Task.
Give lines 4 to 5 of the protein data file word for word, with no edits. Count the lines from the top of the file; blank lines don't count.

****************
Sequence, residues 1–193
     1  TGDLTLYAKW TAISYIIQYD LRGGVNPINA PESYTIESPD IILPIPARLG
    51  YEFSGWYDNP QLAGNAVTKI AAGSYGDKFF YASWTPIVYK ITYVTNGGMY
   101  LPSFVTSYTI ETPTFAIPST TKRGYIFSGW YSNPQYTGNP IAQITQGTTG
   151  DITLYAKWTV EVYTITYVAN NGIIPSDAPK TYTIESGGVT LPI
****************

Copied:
   101  LPSFVTSYTI ETPTFAIPST TKRGYIFSGW YSNPQYTGNP IAQITQGTTG
   151  DITLYAKWTV EVYTITYVAN NGIIPSDAPK TYTIESGGVT LPI